“The success and impact of independent research institutes has been huge, much larger than could be predicted based on size, and reflects the creative environment that they provide,” says Greg Patterson, the VP for Research Operations at Texas Biomedical Research Institute and incoming president of AIRI. His own institution can claim a number of important discoveries and projects, including testing and validation of the hepatitis B vaccine and strong progress toward a hep-C vaccine, as well as the identification of genes responsible for cholesterol regulation. Keinath’s Wistar Institute has also done some pioneering vaccine research, as well as developed methods for identifying cancer types based on gene expression. Research at the MBL has played a critical role in understanding cell cycles and cell division, as well as neuronal signaling and how chemical information moves along nerve cells (thanks in particular to those squid giant cells).
Patterson says independent institutes receive about 10 percent of all NIH grant funds each year, and can claim a number of Nobel Prize winners among their faculty. But with NIH funding dropping and few alternate sources of income—remember that tuition, massive endowments and other bank account stuffers support the Harvard Medical Schools of the world—virtually all independent institutes are in some kind of budgetary trouble. “More institutes, unfortunately, are likely to reach an untenable financial state,” Patterson says. Clearly, plenty of similar research goes on at the biggest university institutions, but concerning budget struggles, independent institutes represent a front line in the funding battle. They are a bellwether, and their struggles provide an indicator that less science is getting done when the money stops flowing.
Merge, shut down or generate other income?
So far, it’s not just the MBL that has taken evasive action. The Boston Biomedical Research Institute closed its doors entirely last year, sending 16 faculty off to find other positions; the BBRI received $9.3 million in NIH funding in 2010, then saw that drop to $6 million only a year later. Others have taken the MBL route of latching on to a larger university: Fox Chase Cancer Center in Philadelphia, for example, is now officially part of Temple University after an $83.8 million sale.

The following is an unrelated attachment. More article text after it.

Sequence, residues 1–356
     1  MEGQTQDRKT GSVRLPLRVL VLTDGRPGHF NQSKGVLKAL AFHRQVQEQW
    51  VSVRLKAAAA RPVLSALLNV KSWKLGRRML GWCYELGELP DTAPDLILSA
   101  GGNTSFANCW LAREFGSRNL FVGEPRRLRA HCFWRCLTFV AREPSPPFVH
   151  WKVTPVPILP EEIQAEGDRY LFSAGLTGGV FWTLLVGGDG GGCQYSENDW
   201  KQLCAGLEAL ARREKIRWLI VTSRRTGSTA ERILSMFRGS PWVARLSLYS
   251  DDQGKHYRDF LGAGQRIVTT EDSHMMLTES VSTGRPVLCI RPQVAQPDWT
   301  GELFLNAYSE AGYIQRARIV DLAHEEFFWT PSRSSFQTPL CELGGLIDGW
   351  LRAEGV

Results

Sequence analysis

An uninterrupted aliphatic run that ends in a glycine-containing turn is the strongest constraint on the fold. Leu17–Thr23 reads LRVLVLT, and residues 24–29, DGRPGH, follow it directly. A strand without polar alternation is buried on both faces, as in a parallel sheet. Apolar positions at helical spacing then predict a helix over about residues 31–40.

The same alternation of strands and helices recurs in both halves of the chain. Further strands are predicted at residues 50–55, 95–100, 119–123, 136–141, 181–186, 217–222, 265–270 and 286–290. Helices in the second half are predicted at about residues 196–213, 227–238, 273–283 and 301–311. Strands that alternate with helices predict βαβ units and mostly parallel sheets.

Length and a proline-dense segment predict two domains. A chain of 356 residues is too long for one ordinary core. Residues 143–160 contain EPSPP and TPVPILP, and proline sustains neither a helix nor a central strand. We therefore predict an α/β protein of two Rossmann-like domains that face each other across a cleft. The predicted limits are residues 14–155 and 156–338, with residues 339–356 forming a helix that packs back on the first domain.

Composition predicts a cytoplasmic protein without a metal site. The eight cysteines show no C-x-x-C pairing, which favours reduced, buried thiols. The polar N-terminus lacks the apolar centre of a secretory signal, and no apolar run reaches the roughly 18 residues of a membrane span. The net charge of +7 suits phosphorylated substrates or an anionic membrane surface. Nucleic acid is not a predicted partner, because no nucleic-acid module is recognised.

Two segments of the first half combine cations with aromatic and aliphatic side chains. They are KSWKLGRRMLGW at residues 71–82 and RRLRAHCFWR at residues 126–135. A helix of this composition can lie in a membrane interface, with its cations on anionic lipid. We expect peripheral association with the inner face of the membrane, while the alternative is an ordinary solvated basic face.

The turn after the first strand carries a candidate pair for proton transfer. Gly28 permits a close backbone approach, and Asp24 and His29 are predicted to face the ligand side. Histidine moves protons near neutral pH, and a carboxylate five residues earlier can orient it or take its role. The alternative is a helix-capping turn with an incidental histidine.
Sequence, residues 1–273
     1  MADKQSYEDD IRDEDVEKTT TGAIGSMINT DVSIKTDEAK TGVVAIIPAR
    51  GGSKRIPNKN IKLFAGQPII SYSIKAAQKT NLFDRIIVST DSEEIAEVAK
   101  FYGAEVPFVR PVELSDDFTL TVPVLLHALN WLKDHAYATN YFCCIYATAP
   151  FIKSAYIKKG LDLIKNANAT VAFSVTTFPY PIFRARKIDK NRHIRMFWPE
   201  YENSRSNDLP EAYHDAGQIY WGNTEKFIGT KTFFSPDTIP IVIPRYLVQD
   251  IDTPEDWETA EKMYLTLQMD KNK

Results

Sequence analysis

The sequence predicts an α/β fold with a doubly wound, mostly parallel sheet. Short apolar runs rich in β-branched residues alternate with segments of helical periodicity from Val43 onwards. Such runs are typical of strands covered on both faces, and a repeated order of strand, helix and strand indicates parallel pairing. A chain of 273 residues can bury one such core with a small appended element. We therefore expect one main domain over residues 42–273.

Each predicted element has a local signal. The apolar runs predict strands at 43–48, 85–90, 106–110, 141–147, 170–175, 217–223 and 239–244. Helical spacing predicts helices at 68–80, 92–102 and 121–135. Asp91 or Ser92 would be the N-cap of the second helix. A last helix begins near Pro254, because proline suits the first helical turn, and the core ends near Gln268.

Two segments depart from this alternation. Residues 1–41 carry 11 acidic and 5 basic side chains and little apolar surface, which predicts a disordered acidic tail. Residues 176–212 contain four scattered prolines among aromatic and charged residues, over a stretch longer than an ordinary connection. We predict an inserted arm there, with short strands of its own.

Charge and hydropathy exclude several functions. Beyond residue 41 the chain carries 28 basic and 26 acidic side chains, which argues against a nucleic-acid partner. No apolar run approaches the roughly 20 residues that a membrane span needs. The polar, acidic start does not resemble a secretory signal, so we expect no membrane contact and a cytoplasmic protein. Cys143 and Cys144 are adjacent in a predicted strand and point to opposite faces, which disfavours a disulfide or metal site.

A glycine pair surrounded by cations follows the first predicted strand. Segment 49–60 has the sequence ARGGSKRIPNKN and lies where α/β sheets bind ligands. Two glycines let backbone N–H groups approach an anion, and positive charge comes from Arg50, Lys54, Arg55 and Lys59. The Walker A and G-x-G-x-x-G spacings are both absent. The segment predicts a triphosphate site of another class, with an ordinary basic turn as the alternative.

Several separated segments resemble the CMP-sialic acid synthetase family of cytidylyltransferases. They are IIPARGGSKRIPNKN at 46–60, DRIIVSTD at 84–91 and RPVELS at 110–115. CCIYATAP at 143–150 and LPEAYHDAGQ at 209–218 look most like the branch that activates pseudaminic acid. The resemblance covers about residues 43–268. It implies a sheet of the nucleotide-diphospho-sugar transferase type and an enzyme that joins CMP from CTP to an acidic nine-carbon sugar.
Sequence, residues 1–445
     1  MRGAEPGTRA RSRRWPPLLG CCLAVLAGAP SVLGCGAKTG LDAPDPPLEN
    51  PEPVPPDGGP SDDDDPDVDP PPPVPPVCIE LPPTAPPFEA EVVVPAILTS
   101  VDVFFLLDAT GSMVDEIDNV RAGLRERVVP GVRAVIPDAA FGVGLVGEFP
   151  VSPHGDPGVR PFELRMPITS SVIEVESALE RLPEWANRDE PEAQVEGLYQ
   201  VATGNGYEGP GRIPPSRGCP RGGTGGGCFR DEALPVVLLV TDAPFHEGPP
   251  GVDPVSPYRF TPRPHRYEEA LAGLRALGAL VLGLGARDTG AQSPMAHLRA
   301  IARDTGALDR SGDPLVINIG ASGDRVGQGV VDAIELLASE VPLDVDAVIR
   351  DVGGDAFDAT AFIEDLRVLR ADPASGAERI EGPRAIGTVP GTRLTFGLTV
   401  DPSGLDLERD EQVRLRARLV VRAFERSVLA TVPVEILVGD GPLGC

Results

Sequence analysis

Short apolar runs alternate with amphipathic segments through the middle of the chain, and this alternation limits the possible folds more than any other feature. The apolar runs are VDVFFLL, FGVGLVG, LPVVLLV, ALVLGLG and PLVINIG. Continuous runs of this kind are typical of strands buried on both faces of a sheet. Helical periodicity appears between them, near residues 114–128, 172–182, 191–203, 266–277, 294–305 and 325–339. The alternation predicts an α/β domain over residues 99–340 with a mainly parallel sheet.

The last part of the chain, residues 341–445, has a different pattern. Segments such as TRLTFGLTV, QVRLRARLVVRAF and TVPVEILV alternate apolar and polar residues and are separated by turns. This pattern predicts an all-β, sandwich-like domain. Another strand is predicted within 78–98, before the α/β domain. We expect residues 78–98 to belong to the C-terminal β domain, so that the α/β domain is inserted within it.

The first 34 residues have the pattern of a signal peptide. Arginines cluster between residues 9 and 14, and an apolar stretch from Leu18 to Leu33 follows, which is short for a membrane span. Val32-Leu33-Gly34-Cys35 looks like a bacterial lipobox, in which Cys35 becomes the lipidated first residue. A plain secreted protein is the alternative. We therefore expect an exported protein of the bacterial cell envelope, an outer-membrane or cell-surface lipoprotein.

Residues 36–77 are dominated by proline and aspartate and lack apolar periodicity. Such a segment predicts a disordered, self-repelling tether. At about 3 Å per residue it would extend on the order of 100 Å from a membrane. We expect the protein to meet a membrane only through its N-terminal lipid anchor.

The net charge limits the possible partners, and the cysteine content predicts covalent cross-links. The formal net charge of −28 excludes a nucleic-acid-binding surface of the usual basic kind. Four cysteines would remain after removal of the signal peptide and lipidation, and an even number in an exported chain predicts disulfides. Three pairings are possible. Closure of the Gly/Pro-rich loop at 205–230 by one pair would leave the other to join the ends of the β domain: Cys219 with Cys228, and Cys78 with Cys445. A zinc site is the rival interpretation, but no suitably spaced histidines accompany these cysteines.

But such agreements have drawbacks. “It is a challenge to merge the independent research institute with a university system in a way that preserves a creative atmosphere,” Patterson says, adding that his employer, Texas Biomedical Research Institute, “has not been immune from the challenges created by low funding rates and sequestration.” Texas Biomed has resorted to staff layoffs in recent years, and is working to create private industry partnerships that would lessen the reliance on NIH funding. Keinath says the Wistar Institute is a bit safer thanks to a robust technology transfer program that brings in royalties from some of those discoveries made there in the past. A few other institutes have other methods of survival: Cold Spring Harbor Laboratory in New York has an educational program that provides revenue, whereas Jackson Laboratories in Maine supports research efforts with help from a large business selling strains of mice to other scientists. But many AIRI members do research and little else, so NIH represents the sole golden goose around.